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Cake attack on Mona Lisa painting

Mona Lisa was showered with cake by a visitor to the Louvre in Paris on Sunday, according to the Spanish newspaper El Pas. A glass display case protected the artwork of Leonardo da Vinci from destruction.

The artwork of Leonardo da Vinci, also known as the Gioconda, was vandalized on Sunday at the Louvre in Paris.

A man “dressed as an old lady” jumped out of a wheelchair and tried to break the bulletproof glass protecting the painting, a witness said.

He then smeared cake on the glass and “threw roses everywhere” before being “handled” by security and removed from the museum, reports Windobi.

The room was packed with onlookers, who captured surprising clips of cleaners wiping cream from the painting.

Fortunately, the painting was unharmed in the strange attack.

The man’s identity and motive for the attack are unknown, but when he was escorted out of the room, he yelled “remember the earth”.

“There are people who are destroying the earth, think about it,” he said in French, according to Twitter users.

“All artists say you think of the Earth, all artists think of the Earth, that’s why I did this. Think of the planet.”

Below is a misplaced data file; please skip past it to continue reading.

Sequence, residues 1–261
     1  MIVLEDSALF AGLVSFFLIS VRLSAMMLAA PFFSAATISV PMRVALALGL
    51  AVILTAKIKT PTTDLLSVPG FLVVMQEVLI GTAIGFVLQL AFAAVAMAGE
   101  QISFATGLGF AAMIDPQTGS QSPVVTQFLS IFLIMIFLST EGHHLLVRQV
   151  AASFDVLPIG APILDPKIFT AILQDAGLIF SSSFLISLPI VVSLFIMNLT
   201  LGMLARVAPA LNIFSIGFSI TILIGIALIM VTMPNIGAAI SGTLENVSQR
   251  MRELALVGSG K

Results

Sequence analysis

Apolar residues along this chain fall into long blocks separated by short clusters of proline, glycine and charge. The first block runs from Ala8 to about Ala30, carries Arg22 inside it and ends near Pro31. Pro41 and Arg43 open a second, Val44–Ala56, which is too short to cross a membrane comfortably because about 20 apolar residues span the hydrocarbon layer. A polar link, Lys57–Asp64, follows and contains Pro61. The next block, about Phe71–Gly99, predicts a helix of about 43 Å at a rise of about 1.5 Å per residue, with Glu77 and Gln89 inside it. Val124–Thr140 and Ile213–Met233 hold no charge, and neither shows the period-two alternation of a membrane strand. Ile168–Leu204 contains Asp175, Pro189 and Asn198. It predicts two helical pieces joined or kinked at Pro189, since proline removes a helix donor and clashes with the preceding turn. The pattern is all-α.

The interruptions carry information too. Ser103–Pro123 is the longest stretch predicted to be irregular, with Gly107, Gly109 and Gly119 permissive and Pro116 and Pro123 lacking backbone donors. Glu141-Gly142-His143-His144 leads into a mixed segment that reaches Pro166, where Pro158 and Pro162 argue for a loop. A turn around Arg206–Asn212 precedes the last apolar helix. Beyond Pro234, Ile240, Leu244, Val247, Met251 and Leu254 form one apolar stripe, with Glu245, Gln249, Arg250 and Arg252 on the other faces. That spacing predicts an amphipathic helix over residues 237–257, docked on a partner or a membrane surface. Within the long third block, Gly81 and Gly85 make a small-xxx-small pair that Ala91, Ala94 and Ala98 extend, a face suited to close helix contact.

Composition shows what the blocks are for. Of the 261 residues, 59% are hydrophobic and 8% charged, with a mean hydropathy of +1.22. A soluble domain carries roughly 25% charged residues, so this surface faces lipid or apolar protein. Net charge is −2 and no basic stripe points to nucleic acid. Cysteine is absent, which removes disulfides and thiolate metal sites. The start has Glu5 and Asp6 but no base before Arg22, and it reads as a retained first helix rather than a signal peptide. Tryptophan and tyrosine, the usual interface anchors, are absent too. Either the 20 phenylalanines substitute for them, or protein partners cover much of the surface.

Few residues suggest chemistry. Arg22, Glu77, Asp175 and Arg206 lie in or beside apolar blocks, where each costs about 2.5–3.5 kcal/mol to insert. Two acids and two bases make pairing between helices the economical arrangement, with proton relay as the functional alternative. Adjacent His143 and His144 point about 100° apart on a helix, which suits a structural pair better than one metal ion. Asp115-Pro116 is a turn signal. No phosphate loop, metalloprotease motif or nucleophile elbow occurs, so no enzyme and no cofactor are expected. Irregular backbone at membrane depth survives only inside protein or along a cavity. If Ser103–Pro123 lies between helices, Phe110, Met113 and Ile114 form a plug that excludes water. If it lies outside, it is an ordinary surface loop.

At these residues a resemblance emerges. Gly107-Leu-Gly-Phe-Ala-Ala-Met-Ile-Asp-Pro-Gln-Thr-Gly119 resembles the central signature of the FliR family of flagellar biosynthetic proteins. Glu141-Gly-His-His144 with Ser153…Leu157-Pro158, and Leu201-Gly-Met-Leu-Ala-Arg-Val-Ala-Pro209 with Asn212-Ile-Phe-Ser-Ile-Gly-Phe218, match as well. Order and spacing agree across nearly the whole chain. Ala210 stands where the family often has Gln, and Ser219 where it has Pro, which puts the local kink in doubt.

It’s not the first time the Mona Lisa has been attacked. In 2009, a Russian woman threw a ceramic cup at the portrait, allegedly frustrated at her failure to obtain French citizenship.

It was the first attack since 1974, when the painting was on display at the Tokyo National Museum and a disabled woman, upset by the museum’s inaccessibility, attempted to spray red paint onto the canvas.

In 1956 the painting was damaged by two attacks: one with acid and another with a stone, which caused a pigmentation spot to break off the photo. Those incidents prompted the Louvre to place bulletproof glass around the Mona Lisa.

Indeed, it was a crime that made her a legend when she was stolen from the walls of the Louvre in August 1911 by Italian handyman Vincenzo Peruggia.

Peruggia was hired by the museum to create protective display cases for some of its most famous works, including La Gioconda. Hiding in a cupboard in the museum overnight, he simply removed the painting from the wall and walked out of the building with the help of an unwitting plumber.

Almost immediately, the Mona Lisa became a household name.

After a two-year search, Peruggia was found, arrested and sentenced to seven months in prison – reportedly thinking he would be a national hero if he returned the Mona Lisa to Italian soil – and she was restored to the wall of the Louvre. .

Today, the painting is the jewel in the crown of the Louvre, attracting millions of visitors every year.

Created by the Italian Renaissance master Leonardo da Vinci between 1503 and 1519, it has become the most famous and replicated painting in the world, immortalized in everything from fashion to pop art, to novels and films, including The Da Vinci Code and Mona Lisa smile.